* Permit “fusion” voting, whereby voters are free to support a major party candidate in the name of their own favorite third (or fourth, etc.) party.
* Mandate free media advertisements for all candidates.
* Remove candidate debates from private media corporations and hand them over to publicly funded, publicly elected, and publicly overseen citizen committees.
* Activate antitrust laws to break up the current corporate media oligopoly and distribute political news and information across a broader and more diverse range of print and media outlets.
* Require that media campaign coverage spend a designated relevant amount of time on policy and ideological differences between and among candidates and parties.
I agree with the criticism at one level. I support each of these reforms and in fact argued for them (and more) at the conclusion of Barack Obama and the Future of American Politics (2008). But there’s a big problem with setting up a dichotomy between social movement activism and this sort of radical electoral reform (as I mistakenly did in my 2008 book, I should add ). Doing so begs the important question of how and why the existing political order’s currently entrenched elites would be any more prone to introduce such major political reforms than it would be to end a war or corporate subsidy in the absence of significant and highly mobilized grassroots pressure from the bottom up. Expecting the political class and its well-heeled, deep-pockets sponsors to bring about any significant measure of progressive electoral reform in the absence of relevant radical mass protest and activism is naïve.
“Are You Trying to Elect Sarah Palin in 2012?”
“You’re only helping Republicans. What’s the matter with you? Do you want Sarah Palin or Mitt Romney or Tim Pawlenty in the White House in 2013?” I have heard this criticism, too, again and again, from so-called left liberals since Obama’s early months in the White House.
In order to rally meaningful progressive social movement and anti-war activity against the persistently center-right corporate, financial, and military policies being conducted in the name of “change” by the current White House, it is necessary to break through “Obamaitis” – the paralysis inflicted on liberals and progressives by the childish illusion of Obama as some of sort of progressive-left actor. Critical distancing, elementary due-diligence research, and truth-telling is required. You have to separate the real Obama team from the illusory branding. You have to be willing to see Obama in the world of “power as it is, not as many of us wish it to be.”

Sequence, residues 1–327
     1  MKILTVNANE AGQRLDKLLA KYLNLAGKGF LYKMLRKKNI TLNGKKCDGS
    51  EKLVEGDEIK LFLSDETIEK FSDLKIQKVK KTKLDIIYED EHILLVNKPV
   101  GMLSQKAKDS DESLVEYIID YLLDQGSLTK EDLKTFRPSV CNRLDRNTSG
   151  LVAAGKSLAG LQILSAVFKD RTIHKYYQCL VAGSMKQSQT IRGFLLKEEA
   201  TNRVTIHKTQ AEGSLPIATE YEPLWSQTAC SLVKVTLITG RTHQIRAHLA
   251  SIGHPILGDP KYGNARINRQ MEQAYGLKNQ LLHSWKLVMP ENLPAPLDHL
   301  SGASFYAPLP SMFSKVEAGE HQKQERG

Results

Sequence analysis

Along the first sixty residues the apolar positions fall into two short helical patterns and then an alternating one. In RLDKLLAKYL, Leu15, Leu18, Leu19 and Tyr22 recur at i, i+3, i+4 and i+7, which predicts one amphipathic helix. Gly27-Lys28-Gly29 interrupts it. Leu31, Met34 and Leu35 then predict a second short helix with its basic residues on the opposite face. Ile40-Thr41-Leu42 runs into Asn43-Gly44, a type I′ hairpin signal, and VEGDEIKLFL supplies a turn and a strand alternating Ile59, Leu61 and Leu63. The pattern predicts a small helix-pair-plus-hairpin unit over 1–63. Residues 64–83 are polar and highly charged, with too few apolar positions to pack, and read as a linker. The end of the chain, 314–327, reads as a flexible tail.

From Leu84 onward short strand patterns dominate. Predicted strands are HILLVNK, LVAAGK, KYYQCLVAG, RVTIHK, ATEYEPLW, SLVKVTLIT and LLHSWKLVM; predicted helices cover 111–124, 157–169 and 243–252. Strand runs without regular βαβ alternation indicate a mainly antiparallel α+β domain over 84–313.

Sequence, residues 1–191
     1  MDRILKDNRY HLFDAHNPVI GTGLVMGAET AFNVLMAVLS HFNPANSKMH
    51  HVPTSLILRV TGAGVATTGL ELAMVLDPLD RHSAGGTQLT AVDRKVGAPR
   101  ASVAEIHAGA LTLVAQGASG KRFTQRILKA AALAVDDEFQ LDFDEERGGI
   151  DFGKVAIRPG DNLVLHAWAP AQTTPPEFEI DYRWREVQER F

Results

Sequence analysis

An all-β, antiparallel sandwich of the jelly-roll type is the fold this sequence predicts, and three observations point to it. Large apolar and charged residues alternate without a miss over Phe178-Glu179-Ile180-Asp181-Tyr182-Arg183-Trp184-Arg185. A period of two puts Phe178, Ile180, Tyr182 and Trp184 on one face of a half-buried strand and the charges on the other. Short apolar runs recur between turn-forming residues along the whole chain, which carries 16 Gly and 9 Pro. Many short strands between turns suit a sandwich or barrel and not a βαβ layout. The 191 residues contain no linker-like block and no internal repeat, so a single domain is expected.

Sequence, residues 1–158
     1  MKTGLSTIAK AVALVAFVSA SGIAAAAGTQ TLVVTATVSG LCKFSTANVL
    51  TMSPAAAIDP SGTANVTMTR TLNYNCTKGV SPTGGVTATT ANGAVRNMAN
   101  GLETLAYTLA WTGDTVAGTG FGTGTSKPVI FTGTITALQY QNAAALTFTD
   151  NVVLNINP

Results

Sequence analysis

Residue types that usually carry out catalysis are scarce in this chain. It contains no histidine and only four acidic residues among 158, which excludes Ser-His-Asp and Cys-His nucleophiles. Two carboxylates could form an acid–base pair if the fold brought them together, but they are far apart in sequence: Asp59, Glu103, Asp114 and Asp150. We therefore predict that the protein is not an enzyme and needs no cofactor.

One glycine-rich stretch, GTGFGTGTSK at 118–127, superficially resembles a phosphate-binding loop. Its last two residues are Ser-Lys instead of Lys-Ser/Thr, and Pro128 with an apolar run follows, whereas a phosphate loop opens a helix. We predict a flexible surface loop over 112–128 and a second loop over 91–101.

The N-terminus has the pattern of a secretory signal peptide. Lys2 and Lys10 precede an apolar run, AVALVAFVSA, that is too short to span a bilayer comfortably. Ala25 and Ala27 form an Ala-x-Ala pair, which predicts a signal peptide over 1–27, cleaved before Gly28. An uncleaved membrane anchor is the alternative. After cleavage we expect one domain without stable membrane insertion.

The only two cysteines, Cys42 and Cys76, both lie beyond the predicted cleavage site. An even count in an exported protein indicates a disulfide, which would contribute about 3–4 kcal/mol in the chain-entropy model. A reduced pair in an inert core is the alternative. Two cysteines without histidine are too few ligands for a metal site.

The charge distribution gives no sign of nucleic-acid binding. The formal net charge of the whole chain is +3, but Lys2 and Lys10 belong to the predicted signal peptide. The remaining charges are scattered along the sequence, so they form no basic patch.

The results of doing that are not pleasant, as much of my previous writing on ZNet and at Black Agenda Report has tried to demonstrate without apology. My own research and reporting, including my forthcoming book The Empire’s New Clothes: Barack Obama in the Real World of Power (Paradigm, June 2010), even at times show Obama going beyond the Bush-Cheney regime in advancing the combined and interrelated imperatives of empire and inequality at home and abroad. It has not been a fun volume to write.
Many Democrats are of course reluctant to see the shroud taken off the “Dalai Obama.” They are not ready or willing to look at what is exposed when the new emperor’s clothes are removed. They are embarrassed, some of them, at the enthusiasm and even passion they heaped on his candidacy and presidency in the name of progressive and democratic ideals.. They are worried, some of them, about losing real or perceived access to power and funding (and even employment) if they join me and others on the left in seeing and speaking the terrible truth about the corporate-imperial and authoritarian Obama presidency. They are incapable, some of them, of seeing Obama as anything other the progressive hero they imagined him to be (with no small help from Team Obama’s expert niche-marketers) or of understanding left criticism (which hardly enjoys access to dominant media and educational institutions) or of imagining Obama as anything than the left-leaning actor they and the right wing noise machine insists (against elementary and ubiquitous, overwhelming evidence to the contrary) he must be.